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Research Papers: Gerotarget (Focus on Aging):

Specific changes in mitochondrial lipidome alter mitochondrial proteome and increase the geroprotective efficiency of lithocholic acid in chronologically aging yeast

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Oncotarget. 2017; 8:30672-30691. https://doi.org/10.18632/oncotarget.16766

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Anna Leonov, Anthony Arlia-Ciommo, Simon D. Bourque, Olivia Koupaki, Pavlo Kyryakov, Paméla Dakik, Mélissa McAuley, Younes Medkour, Karamat Mohammad, Tamara Di Maulo and Vladimir I. Titorenko _

Abstract

Anna Leonov1, Anthony Arlia-Ciommo1, Simon D. Bourque1, Olivia Koupaki1, Pavlo Kyryakov1, Paméla Dakik1, Mélissa McAuley1, Younes Medkour1, Karamat Mohammad1, Tamara Di Maulo1 and Vladimir I. Titorenko1

1 Department of Biology, Concordia University, Montreal, Quebec, Canada

Correspondence to:

Vladimir I. Titorenko, email:

Keywords: yeast, aging, mitochondria, mitochondrial lipidome, mitochondrial proteome, Gerotarget

Received: February 20, 2017 Accepted: March 20, 2017 Published: March 31, 2017

Abstract

We have previously found that exogenously added lithocholic acid delays yeast chronological aging. We demonstrated that lithocholic acid enters the yeast cell, is sorted to mitochondria, resides in both mitochondrial membranes, changes the relative concentrations of different membrane phospholipids, triggers changes in the concentrations of many mitochondrial proteins, and alters some key aspects of mitochondrial functionality. We hypothesized that the lithocholic acid-driven changes in mitochondrial lipidome may have a causal role in the remodeling of mitochondrial proteome, which may in turn alter the functional state of mitochondria to create a mitochondrial pattern that delays yeast chronological aging. Here, we test this hypothesis by investigating how the ups1Δ, ups2Δ and psd1Δ mutations that eliminate enzymes involved in mitochondrial phospholipid metabolism influence the mitochondrial lipidome. We also assessed how these mutations affect the mitochondrial proteome, influence mitochondrial functionality and impinge on the efficiency of aging delay by lithocholic acid. Our findings provide evidence that 1) lithocholic acid initially creates a distinct pro-longevity pattern of mitochondrial lipidome by proportionally decreasing phosphatidylethanolamine and cardiolipin concentrations to maintain equimolar concentrations of these phospholipids, and by increasing phosphatidic acid concentration; 2) this pattern of mitochondrial lipidome allows to establish a specific, aging-delaying pattern of mitochondrial proteome; and 3) this pattern of mitochondrial proteome plays an essential role in creating a distinctive, geroprotective pattern of mitochondrial functionality.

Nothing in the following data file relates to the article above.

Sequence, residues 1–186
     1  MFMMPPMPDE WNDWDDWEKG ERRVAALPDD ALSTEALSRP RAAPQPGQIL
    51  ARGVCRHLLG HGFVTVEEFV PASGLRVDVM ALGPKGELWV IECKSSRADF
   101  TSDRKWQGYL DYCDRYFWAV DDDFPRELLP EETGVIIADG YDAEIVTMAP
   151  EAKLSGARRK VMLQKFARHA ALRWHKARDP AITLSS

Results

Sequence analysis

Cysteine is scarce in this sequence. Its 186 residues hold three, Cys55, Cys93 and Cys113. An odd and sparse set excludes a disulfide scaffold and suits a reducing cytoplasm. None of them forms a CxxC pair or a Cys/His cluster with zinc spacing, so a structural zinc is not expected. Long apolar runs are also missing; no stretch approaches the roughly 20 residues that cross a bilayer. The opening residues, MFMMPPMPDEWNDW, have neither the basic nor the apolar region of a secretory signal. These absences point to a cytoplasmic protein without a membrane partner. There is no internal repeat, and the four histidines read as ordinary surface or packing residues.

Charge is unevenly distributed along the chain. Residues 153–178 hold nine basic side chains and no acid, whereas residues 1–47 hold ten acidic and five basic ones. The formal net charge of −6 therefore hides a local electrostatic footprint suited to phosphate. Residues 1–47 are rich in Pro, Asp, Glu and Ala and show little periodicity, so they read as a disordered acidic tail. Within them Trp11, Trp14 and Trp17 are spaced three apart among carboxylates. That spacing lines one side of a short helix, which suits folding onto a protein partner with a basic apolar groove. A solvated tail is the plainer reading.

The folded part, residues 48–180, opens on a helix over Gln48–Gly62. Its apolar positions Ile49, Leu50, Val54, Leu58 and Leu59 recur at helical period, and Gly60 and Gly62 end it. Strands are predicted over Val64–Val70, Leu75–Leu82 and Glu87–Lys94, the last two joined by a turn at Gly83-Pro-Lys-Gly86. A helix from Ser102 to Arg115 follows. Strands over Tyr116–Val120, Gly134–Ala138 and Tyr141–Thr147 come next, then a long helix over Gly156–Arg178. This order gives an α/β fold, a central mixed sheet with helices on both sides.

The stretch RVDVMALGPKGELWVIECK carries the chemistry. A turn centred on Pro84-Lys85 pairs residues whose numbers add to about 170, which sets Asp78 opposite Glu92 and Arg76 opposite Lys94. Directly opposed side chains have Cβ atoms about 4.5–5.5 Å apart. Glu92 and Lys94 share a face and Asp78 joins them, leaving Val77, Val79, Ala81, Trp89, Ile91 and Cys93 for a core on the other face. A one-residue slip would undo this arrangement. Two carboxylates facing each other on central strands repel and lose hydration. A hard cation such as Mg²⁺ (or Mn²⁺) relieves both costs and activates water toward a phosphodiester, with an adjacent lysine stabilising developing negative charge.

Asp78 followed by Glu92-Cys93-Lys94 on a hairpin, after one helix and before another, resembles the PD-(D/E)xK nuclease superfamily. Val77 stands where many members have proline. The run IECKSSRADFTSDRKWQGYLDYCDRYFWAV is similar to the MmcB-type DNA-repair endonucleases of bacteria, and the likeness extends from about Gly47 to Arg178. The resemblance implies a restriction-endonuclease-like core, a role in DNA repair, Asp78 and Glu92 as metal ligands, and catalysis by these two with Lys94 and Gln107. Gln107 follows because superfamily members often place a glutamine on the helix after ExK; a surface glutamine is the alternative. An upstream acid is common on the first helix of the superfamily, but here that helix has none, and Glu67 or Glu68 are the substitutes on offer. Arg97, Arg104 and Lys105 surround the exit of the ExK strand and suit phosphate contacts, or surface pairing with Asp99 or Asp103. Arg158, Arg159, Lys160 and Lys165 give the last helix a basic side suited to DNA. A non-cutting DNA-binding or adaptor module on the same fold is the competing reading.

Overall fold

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Introduction

An age-related deterioration of mitochondrial functionality is the universal hallmark of aging in eukaryotes across phyla [1]. This age-related deterioration is manifested as a progressive decline of the efficiencies with which mitochondria create the bulk of cellular ATP and generate biosynthetic intermediates for amino acids, nucleotides and lipids [1-10].

The functional state of mitochondria defines the pace of the replicative and chronological modes of aging in the yeast Saccharomyces cerevisiae [11-15]. Some traits of mitochondrial functionality are well known for their essential roles in yeast replicative and chronological aging. These mitochondrial traits include the following: 1) electron transport chain, oxidative phosphorylation and membrane potential [11-22]; 2) reactive oxygen species (ROS) homeostasis [11-13, 17, 23-34]; 3) protein synthesis and proteostasis [11, 27, 35-47]; 4) synthesis and assembly of iron-sulfur clusters [19, 27, 48-50]; 5) amino acid synthesis [12, 24, 27, 34, 51-56]; and 6) NADPH synthesis [12, 27, 34, 57, 58].

It remains unknown, however, if such an important trait of mitochondrial functionality as the composition of mitochondrial membrane lipids can play a role in yeast aging. We have previously found that exogenous lithocholic bile acid (LCA) delays the onset and decreases the rate of yeast chronological aging [20, 59]. We showed that the aging-delaying efficiency of LCA under caloric restriction (CR) on 0.2% glucose greatly exceeds its aging-delaying efficiency under non-CR conditions on 2% glucose [20]. We demonstrated that exogenously added LCA enters the yeast cell, accumulates in mitochondria, resides mainly in the inner mitochondrial membrane (IMM), and also associates with the outer mitochondrial membrane (OMM) [60]. We provided evidence that mitochondria-associated LCA alters the abundance and relative concentrations of different classes of membrane phospholipids [60], elicits age-related changes in the concentrations of many mitochondrial proteins [61], and modifies the age-related chronology of some key aspects of mitochondrial functionality [60]. Based on these findings, we proposed the following hypotheses: 1) LCA delays yeast chronological aging because it initially causes specific changes in the composition of mitochondrial membrane lipids; 2) the LCA-driven changes in mitochondrial lipidome then alter mitochondrial proteome; and 3) these changes in protein composition of mitochondria lead to specific alterations in mitochondrial functionality, thus creating a mitochondrial pattern that delays the onset and slows down the progression of yeast chronological aging [61, 62].